Yes you are right…
A revolution doesn’t occur overnight, but when it starts it engulfs the nation in a mighty wave that crushes the ruler. It is initiated by small groups that have been opposing corruption for a long time, and for a while it faces public apathy and even opposition, but when the right moment comes it ignites the people to decimate the elite. The current decade is likely to be the decade of revolutions that will consume the ruling classes around the planet. The revolutionary wave began in the Muslim world and it is bound to spread in all areas where the acquisitors are dominant, because remember that courage is contagious. India gained independence in 1947 and so did many other countries within a few years. The point is that when a revolutionary wave begins in one area, it unleashes a flood that engulfs the neighbours. The moment has arrived to dethrone the corrupt acquisitors, and someone has to seize the moment to feed this flame. Anna Hazare and Ram Dev are doing it and they deserve the support of moralists around the world.
But how do you see the current rule of wealth being overthrown in India?
The rule of wealth in India will end through the electoral process, because people will vote for those who vow to end corruption. Through long and painful fasting Anna Hazare has captured the attention of people, and finally decided to form a political party. Indians will indeed vote for him or the candidates he supports. Although, some of his followers will be unhappy with his decision to enter the political fray, this is the right thing to do. As Mahatma Gandhi demonstrated, fasting alone is not enough to achieve a desired goal. You also have to offer a concrete and credible alternative. The social revolution against the acquisitors has started in Muslim society and is slowly gathering steam in India and the United States. By the end of this decade, if not sooner, the age of acquisitors will be a thing of the past, and those with courage to oppose the elite will start a new age of warriors, because courage is the chief hallmark of a person of warrior mentality. Today, an acquisitor’s democracy prevails in most nations; in the near future it will give way to a warrior’s democracy, where money will not be needed to win an election.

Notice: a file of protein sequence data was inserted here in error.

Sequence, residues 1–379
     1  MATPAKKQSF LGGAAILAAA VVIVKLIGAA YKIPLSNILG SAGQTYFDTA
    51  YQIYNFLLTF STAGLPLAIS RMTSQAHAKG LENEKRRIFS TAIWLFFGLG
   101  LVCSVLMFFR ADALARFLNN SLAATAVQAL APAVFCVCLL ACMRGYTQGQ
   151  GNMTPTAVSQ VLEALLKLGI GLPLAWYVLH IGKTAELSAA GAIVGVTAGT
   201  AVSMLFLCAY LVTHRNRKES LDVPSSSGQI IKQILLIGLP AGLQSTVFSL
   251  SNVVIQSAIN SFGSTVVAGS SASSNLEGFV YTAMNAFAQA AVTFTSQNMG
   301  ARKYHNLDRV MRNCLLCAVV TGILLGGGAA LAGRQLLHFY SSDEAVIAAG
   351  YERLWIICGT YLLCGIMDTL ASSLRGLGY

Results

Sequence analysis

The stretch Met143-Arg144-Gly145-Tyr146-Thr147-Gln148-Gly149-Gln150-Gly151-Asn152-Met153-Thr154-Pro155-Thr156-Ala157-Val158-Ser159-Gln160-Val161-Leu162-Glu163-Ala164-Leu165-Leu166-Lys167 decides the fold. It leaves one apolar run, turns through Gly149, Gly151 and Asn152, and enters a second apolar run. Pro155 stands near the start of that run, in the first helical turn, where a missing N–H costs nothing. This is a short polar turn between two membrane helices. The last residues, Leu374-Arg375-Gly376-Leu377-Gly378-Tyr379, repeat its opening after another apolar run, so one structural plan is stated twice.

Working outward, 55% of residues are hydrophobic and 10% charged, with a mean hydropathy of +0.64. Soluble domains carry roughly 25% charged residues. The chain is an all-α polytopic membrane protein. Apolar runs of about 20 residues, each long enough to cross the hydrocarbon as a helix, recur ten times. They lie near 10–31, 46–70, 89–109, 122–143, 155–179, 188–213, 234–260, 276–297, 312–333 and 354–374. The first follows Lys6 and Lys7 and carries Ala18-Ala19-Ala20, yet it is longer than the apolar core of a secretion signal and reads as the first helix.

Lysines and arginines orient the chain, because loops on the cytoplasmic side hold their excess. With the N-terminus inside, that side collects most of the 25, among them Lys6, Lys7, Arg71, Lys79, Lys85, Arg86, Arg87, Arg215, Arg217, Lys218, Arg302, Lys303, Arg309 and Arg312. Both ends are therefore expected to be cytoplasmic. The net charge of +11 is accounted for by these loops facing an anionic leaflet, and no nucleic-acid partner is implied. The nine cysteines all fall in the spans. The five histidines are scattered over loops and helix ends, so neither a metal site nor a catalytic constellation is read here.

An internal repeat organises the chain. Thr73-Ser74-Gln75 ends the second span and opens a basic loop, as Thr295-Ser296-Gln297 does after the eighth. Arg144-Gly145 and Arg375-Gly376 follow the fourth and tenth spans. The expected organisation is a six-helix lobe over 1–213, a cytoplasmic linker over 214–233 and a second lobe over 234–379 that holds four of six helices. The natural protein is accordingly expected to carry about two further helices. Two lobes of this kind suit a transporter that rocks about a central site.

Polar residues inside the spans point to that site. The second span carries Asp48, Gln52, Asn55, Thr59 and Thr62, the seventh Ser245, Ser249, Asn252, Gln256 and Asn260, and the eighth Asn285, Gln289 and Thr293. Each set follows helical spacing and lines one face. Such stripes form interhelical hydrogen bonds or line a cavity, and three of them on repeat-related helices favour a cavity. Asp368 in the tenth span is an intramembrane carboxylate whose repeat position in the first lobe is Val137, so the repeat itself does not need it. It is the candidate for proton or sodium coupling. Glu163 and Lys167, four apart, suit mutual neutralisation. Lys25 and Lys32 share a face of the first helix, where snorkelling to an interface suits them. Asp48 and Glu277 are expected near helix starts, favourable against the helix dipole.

So how do you see this new age that you are predicting?
During the Buddhist period preceding Chandragupta’s ascension kings were elected in some areas of north India. That was an example of warrior’s democracy wherein a person’s martial skills, not wealth, brought him the high office. Similarly, in the future a candidate’s military background could be important in his rise to power. Whoever brings about the new warrior age will also give birth to a new golden age.
(The interview originally appeared on on August 7,2012.
(Vivek Kaul is a writer and can be reached at [email protected])